Although Poliakoff senior’s wife, Ina, was from the Jewish aristocracy (“When my mother moved in with my father she had to adjust to life without a single servant – she’d never boiled an egg before”), he was desperate to belong to the old-money set. Petrukhin is the same and signs up his 18-year-old daughter, Hannah, for the debutantes’ season (1958 was the last year debutantes were presented to the Queen at court). Hannah, beautiful, headstrong and Jewish, soon attracts resentment.
“I was very aware of the anti-Semitism that was around when I was a boy,” says Poliakoff. “But I never anticipated that all the stereotypical anti-Semitic tropes, like the Rothschilds running the world, would come back. It’s all across Europe and I find it heart-rending. I know a woman in her 90s who was one of the last children put on the boat to Britain to escape the Nazis. She’s a living witness; one of the worst atrocities for many centuries is still within living memory! Schindler’s List [Stephen Spielberg’s film about the Holocaust] educated a certain number of people, but now we’re a quarter of a century on and people are so ignorant. Really, it’s extraordinary.”
Poliakoff is in the Labour Party. He resists claims that the party is institutionally anti-Semitic but laments “cultural insensitivity”. In particular he refers to Jeremy Corbyn’s endorsement of a mural in east London that showed hook-nosed bankers dining on the backs of the poor (an endorsement Corbyn later withdrew).
“It’s perfectly possible to have concerns about anti-Semitism being used, a little bit, to destabilise the current leadership and to also realise the present leadership obviously has a blindness to anti-Semitism,” he says. “Corbyn endorsed that mural, which is one of the most anti-Semitic images I’ve ever seen, and then said he didn’t look at it properly. I mean, a child of four could’ve told you it was anti-Semitic.”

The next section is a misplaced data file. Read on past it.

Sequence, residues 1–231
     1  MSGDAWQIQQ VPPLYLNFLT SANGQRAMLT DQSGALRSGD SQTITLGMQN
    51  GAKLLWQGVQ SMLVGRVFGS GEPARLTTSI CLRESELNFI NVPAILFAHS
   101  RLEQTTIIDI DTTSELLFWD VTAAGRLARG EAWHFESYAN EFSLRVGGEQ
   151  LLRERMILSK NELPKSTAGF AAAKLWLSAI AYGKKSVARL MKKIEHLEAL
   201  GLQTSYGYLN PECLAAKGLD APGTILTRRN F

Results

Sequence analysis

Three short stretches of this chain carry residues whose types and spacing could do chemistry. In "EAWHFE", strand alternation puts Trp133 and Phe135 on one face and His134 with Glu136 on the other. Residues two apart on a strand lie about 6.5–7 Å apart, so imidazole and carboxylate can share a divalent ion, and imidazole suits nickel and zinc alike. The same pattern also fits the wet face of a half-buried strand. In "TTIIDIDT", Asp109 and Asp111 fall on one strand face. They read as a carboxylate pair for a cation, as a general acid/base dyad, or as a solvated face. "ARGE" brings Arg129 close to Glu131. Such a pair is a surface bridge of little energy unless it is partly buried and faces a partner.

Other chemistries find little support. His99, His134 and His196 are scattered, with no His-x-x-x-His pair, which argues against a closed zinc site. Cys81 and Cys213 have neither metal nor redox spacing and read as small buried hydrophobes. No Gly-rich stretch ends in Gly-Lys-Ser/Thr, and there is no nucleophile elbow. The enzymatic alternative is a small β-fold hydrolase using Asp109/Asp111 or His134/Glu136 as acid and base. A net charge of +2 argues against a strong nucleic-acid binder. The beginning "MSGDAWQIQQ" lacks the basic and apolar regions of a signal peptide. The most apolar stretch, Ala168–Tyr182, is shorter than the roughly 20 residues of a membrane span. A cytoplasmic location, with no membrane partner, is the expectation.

Poliakoff places Corbyn’s confusion in the wider context of British ignorance about Jewish people’s appearance, which, he says, is partly the fault of television. “Since [writer] Jack Rosenthal died, there’s not been a lot of Jewish drama on telly. The Jewish people tend to either wear skull-caps or they are Jewish mothers saying, ‘Come in and eat this lovely loaf I have just made.’
“Years ago I wrote a play based on my father and grandfather’s time in Russia during the revolution. One critic wrote in a newspaper review, ‘Alan Howard is very good, although he is about as Jewish as a ham sandwich.’ Alan was half Jewish! It was because he was blond and people think there are no blond Jews. Lily Sacofsky, who plays Hannah in Summer of Rockets, is half Jewish and actually ash blonde.”
In one of the series’ most striking moments, Hannah, surrounded by debs in silk and taffeta gowns, is expected to curtsy before a giant cake at a Mayfair ball. The scene, which simultaneously captures the allure and infantilism of the upper classes, is pure Poliakoff, visually lush and loaded with political and social meaning.
“I remember being told by various senior executives about ten years ago that high-end drama was doomed because it was so expensive,” he says. “Now it’s the dominant art form in the world.” So, the writer of Notes among the Keys made the right career decision? “Yes, I’m thinking of another story right now.”
Summer of Rockets will air in six parts on BBC2, starting on Wednesday 22nd May at 9pm and will be available on BBC iPlayer as a box set immediately after episode one